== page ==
Judgment Liens delaying your closing? Did you ever hear of “lien stripping?”
Real estate closings often get hung up when old judgment liens are discovered. Lawyers call the process of removing such liens, “lien stripping.”
Many sellers have filed personal bankruptcy. People filing bankrupty often have judgment liens. Judgment liens are not automatically removed in bankruptcy. Reopening old bankruptcy cases to strip a lien is often possible. Sometimes the liens got overlooked by inexperienced lawyers or by individuals who have filed without representation. They might not even have known about the lien. But you discover it for them when you are about to close.
“Surprise liens” can kill a sale or refi. Going back into the old bankruptcy court case may be an option to “strip the lien.”
Surprise Judgment Liens? Reopening Old Bankruptcy Cases.
I’ve seen situations where creditors filed liens on property after bankruptcy. I’ve also seen cases where a lien was recorded before the bankruptcy but the client didn’t acquire the property until after the bankruptcy. It is not always necessary to re-open a closed case. An experienced bankruptcy lawyer could make a speedy difference. Knowing how to talk to the title company, a lawyer can often solve some lien problems in a just a few hours.
There is ano obvious advantage to all parties if a transaction can be saved without going back to court for legal action. When legal action is necessary, it will usually take around 60 days. Typical attorney fees for that work will range from arount $1500 to $3000.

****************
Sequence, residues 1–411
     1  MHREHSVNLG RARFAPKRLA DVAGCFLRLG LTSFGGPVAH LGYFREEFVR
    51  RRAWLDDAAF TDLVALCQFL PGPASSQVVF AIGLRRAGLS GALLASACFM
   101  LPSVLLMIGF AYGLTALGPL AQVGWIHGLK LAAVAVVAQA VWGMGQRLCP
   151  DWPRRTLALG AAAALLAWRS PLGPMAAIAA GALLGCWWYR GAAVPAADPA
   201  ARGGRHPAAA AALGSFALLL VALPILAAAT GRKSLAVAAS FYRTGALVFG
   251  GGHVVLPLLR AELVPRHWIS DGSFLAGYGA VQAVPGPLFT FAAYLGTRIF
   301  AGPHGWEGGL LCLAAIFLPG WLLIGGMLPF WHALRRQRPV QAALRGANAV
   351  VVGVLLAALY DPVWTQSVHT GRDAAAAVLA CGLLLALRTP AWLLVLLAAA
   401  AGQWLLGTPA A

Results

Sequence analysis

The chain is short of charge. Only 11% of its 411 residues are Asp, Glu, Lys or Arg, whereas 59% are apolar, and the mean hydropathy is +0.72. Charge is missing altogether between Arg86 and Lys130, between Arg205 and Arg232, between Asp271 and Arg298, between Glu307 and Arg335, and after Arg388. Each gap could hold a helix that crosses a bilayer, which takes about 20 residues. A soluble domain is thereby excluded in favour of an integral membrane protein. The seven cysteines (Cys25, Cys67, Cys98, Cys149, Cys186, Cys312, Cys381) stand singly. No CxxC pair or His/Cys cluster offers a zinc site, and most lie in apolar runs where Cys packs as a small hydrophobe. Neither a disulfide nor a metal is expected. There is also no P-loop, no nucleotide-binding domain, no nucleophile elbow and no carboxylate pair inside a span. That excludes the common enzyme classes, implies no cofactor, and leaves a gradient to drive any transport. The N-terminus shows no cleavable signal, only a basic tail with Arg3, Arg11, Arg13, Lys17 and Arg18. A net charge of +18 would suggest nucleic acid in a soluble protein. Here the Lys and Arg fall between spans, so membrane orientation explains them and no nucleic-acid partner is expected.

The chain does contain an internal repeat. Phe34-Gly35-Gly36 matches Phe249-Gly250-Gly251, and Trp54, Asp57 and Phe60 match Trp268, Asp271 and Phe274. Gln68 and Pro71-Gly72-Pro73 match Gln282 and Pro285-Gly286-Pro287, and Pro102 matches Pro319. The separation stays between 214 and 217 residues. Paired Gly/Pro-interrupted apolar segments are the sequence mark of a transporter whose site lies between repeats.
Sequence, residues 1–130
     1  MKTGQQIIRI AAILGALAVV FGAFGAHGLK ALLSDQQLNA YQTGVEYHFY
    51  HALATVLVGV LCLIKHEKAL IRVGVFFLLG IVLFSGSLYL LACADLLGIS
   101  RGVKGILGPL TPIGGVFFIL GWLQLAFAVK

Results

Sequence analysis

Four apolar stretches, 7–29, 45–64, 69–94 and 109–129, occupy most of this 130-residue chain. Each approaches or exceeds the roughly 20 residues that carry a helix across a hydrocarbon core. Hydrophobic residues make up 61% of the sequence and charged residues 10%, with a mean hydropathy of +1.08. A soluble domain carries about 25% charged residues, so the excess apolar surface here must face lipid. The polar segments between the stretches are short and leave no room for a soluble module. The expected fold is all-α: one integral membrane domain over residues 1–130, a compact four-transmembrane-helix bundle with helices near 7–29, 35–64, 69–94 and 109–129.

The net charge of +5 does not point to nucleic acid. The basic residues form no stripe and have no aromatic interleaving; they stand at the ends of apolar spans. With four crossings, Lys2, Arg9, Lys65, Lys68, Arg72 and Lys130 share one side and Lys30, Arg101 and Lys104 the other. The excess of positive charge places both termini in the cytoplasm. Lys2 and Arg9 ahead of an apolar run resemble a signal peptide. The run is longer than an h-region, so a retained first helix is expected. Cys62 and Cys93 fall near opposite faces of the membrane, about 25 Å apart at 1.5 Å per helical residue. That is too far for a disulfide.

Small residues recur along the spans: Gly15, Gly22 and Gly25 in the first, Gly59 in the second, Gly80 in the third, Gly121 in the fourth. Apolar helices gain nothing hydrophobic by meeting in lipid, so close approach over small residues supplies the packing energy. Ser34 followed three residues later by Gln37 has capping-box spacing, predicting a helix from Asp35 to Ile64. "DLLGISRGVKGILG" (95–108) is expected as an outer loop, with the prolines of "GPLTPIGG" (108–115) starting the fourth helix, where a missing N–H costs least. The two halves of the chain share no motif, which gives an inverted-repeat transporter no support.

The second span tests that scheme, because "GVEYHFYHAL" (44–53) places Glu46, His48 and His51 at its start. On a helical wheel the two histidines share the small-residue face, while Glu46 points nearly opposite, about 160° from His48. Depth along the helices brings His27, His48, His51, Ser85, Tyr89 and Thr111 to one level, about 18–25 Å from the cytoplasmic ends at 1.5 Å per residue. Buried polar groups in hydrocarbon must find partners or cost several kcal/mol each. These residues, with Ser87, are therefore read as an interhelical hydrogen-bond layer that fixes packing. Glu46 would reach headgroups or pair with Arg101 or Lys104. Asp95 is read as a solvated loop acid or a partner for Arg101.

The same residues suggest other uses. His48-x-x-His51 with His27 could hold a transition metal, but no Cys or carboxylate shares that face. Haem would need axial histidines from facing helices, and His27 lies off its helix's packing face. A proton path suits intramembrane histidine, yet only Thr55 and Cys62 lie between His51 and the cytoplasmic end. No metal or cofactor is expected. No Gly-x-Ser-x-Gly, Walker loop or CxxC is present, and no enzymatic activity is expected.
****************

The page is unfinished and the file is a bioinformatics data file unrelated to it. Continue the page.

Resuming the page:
The requirements for lien stripping in a bankruptcy case are derived from the actual bankruptcy statutes. Basically, the owner must be able to prove that the market value of the property on the date of the original bankruptcy filing was less than what was owed on mortgage balances plus homestead exemption. Courts will often require an appraisal report as evidence of value.
What a Bankruptcy Lawyer Needs To Evaluate the Case.
Here’s what a bankruptcy lawyer wants to see. The lawyer will need a title report, and copys of recorded lien notices. Also, your client’s old Bankruptcy Court papers.
Real estate problems and bankruptcy cases often overlap.
What are you waiting for? If you have a bankruptcy-real estate question, call me. I look forward to speaking with you any time you need help to figure one of these things out.
You’re sure to like “ASK LEON” . A question and answer column. L.A. Bankruptcy AttorneyLeon Bayer answers real questions from readers. You will find it on the Nolo Publications bankruptcy blog web site. We are also found on Google+. This blog is a publication of Bayer, Wishman & Leotta. You might also like our Human Guide to Bankruptcy. Bayer Wishman & Leotta handles emergency Los Angeles bankruptcy cases. We are “The home of the free bankruptcy consultation”. You can learn more about us at http://en.wikipedia.org/wiki/Leon_D._Bayer.
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